Nursing homes offer 24 hour nursing care. It’s important to ask if nursing care is provided by Registered Nurses, Licensed Practical Nurses, or Medication Technicians as each has a different level of education and scope of practice. Nurses provide clinical assessments of residents and report changes to the resident’s physician. Additionally, they may provide direct healthcare services such as IV management, PEG management, wound care, and medication management.
Certified Nursing Assistants (CNAs) provide assistance with Activities of Daily Living (ADLs) such as bathing, dressing, toileting, assistance with ambulation, and assistance with eating. Some nursing homes may has Certified Feeding Assistants. Nursing homes sometimes have restorative nursing programs. These programs help residents to maintain their highest level of independence and prevent physical decline. Restorative activities may include walking, active or passive range of motion, splint/brace application, ambulation, or transfer training.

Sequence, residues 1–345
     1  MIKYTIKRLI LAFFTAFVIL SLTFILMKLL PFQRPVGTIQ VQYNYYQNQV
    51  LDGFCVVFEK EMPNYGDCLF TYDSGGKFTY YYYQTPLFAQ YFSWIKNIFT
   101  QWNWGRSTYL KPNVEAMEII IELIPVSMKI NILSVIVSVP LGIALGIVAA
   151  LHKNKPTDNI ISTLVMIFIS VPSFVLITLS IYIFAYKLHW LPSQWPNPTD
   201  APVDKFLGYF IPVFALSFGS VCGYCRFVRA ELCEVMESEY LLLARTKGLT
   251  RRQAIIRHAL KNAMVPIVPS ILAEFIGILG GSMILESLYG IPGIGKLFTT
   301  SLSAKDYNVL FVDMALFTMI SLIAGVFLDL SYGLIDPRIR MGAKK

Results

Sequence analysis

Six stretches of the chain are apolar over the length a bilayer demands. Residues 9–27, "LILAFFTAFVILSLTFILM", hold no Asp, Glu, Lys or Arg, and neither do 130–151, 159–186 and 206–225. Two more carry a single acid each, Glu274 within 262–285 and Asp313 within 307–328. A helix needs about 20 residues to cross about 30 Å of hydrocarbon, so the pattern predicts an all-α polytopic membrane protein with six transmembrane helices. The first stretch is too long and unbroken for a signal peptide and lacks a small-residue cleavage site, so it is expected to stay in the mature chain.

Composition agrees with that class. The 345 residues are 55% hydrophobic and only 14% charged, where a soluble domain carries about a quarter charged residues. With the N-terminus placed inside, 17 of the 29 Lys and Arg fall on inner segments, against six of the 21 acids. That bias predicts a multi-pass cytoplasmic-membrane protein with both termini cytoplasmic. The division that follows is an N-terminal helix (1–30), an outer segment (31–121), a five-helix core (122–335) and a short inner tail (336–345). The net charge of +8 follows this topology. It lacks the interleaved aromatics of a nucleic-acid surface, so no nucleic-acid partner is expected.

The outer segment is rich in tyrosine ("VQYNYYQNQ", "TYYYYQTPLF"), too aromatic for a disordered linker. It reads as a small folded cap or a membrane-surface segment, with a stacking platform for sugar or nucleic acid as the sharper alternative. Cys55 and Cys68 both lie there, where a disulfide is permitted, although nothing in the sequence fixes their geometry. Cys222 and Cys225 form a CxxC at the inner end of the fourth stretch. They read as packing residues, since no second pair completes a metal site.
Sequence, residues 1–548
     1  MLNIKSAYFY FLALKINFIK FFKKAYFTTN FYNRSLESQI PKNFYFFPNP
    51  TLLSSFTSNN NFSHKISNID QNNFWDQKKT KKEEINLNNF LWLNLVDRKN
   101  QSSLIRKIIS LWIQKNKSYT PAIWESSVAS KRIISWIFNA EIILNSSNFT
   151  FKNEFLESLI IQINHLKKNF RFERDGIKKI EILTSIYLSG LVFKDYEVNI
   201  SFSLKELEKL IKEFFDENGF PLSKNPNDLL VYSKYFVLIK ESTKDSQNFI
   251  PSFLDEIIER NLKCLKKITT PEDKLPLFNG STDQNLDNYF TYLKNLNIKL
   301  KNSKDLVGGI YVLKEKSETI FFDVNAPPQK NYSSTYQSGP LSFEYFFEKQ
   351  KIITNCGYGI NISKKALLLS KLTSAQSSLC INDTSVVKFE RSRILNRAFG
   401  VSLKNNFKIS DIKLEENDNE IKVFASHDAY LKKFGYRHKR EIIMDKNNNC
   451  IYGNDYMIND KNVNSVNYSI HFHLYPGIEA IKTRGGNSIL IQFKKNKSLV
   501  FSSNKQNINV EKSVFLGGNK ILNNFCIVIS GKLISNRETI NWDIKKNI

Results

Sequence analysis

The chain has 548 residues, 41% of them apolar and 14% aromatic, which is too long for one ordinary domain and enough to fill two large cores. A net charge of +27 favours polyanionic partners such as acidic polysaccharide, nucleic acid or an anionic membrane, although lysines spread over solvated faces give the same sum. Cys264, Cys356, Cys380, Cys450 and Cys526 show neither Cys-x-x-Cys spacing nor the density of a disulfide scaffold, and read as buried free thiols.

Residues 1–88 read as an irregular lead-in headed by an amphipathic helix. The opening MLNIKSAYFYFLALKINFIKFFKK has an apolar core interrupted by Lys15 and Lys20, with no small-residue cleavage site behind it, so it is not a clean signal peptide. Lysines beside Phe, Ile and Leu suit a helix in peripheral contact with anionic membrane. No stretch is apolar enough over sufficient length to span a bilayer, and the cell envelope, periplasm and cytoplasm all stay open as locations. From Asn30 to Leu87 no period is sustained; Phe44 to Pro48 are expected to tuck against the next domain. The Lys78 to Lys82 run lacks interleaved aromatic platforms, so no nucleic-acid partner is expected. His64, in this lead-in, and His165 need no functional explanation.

Many homes offer rehabilitation by qualified Physical Therapists, Occupational Therapists, Speech Pathology Therapists, and Respiratory Therapists. These therapists work to improve the resident’s physical abilities to their highest level of function. They may work on ambulation, transferring, toileting, swallowing, or cognitive skills.
The activities staff provide resident programs to meet resident needs, and may be overseen by a Certified Therapeutic Recreation Specialist. The activities department should offer a variety of activities to meet the needs of the community, as well as personal visits for residents who benefit from them.
Some nursing homes have an onsite physician, while others have physicians who come in only as needed. Additional services that you may find may be a consulting Podiatrist, Dentist, Physiatrist (Doctor of Physical Therapy), and Psychiatrist. It’s important to ask if these services can be provided onsite or not.